Staging is a method used to indicate how far the cancer may have spread. In 1929 the World Health Organization developed a tool called the Clinical Staging System. The system is used to divide cancers into categories to help classify the extent of the disease. This classification helps to determine possible treatment options, follow up, and supportive care. These categories vary from cancer to cancer. In the lowest stage, the cancer is self-contained and hasn't spread to any surrounding tissue. The next stage may still have the single site tumor but also may have lymph node involvement indicating that it has begun to spread. The next stage may have multiple tumor sites with no lymph node involvement, and the highest level might be multiple tumors in multiple sites with other organ involvement. The spread of tumors to other sites is called metastasis (change).
General types of cancers:
If cancer is diagnosed, prognosis is the next phase of disease management. This is an imperfect art at best, the prediction of the likely course of the disease, the chance for recovery or recurrence. Prognosis will be based on literature studying many similar cases, as well as the veterinarian's experience. Each dog is different, and until the vets all have working crystal balls, this is only their best guess. The prognosis will vary from cancer to cancer, from breed to breed, from dog to dog, and from treatment to treatment. This is the part of the visit when you have to start determining where to go from here.
Many things must be considered when planning any treatment.
There is not an answer that is 'right' for all patients or patients' families, and the decision is never easy. The goal of any treatment should be to improve the chances for quantity and quality of life, as long a quality life as is possible.
Surgical excision is one type of treatment. Cut it out, just get rid of it! This is not always possible if the growth has invaded surrounding tissue, has spread too far to remove the surrounding tissue, or is in an organ that can't be surgically reduced (heart, brain, spine, etc) without severe risk or complications.
Chemotherapy uses drugs to reduce or eliminate cancer. This is usually an adjuvant therapy, or one that is used after the primary therapy of surgical excision. The drugs used will be those that have been found to be effective in killing the cancer cells. Cancer cells grow rapidly, and drugs that target rapidly growing cells may also damage the healthy cells that normally grow rapidly, such as the cells in the GI tract or hair. The normal cells will repair themselves after the drugs are gone.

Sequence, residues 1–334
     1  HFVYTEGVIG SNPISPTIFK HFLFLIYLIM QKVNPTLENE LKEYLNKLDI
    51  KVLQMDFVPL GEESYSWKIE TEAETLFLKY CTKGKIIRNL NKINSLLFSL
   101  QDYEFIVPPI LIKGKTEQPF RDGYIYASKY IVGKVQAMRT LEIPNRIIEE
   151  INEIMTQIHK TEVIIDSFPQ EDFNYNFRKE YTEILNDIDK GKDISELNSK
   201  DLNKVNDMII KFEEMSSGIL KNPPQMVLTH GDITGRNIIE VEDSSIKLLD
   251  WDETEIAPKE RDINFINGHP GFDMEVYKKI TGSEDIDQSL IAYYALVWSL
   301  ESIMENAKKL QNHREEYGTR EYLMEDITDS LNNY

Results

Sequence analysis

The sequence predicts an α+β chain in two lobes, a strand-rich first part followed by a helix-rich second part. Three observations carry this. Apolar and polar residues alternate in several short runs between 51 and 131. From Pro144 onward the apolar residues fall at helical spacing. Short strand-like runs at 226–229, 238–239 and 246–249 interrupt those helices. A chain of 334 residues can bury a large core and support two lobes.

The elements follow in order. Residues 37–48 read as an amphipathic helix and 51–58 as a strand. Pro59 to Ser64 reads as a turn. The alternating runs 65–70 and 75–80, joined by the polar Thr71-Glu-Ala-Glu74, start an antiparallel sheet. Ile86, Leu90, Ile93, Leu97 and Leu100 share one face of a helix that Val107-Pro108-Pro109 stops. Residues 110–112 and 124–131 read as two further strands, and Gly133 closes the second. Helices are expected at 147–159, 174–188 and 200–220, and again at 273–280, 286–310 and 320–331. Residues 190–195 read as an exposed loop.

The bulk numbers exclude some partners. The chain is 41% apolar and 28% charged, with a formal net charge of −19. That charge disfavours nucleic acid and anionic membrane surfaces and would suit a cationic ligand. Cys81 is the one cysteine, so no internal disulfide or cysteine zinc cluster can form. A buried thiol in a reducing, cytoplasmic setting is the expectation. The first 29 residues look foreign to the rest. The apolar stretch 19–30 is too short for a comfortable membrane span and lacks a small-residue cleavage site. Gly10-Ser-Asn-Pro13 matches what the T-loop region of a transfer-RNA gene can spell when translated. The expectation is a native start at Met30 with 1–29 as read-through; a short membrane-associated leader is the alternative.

Radiation therapy uses energy to target specific cells in order to destroy them. This is usually also an adjuvant therapy, and is often used in combination with chemotherapy. X-rays are the most common form of this therapy. Radioactive implants are used for some forms of human cancers, and research is ongoing to find other effective means of targeting the specific cells to receive the radiation energy.
Homeopathic treatments (the use of a dilute dose of an agent that can cause the symptom being treated) can help to support the body's own defense system. Supplements can target specific organs and the immune system. These are becoming more accepted by the traditional veterinary community, and are often used in conjunction with the traditional therapies, or instead of traditional therapies - especially for cancers that do not respond to the traditional therapies.
Biological therapies, or immunotherapy, use the body's immune system to fight the cancer. Using substances to boost or suppress the general immune system, to help the immune system target the cancer itself, to use the tumor to create a vaccine to help boost immunity, to stimulate bone marrow production of white blood cells - these are all various forms of immunotherapies. Terms used: immunomodulating agents, biological response modifiers, interferons, interleukins, colony-stimulating factors, monoclonal antibodies.
Angiogenesis inhibitors are used in one new area of cancer treatment. These substances inhibit, or prevent the formation and proliferation of blood vessels that are necessary to feed a tumor. Cancer cannot grow without the development of supporting blood vessels.
For more information on dietary management of canine cancer patients see:
Integrative Treatment of Cancer in Dogs, 2002 by R.M. Clemmons, DVM, PhD at:
Total Cancer Management in Small Animals by Susan G Wynn, DVM at: http://web.archive.org/web/20030207142301/http://www.altvetmed.com/Cancer.html
NOTE: Information found on these websites regarding cancer diets can not replace the advice of your veterinarian regarding dietary management of your pet.
Treatments continue to expand as researchers and veterinarians find new ways to fight cancer.
Stephen J. Withrow, DVM, E. Gregory MacEwen, VMD, W. B. Saunders. Small Animal Clinical Oncology 3rd edition, 2001.
Stephen J. Birchard, DVM, Robert G. Sherding, DVM, W. B. Saunders. Saunders Manual of Small Animal Practice 1st edition, 1994.
National Cancer Institute website. http://www.cancer.gov 2002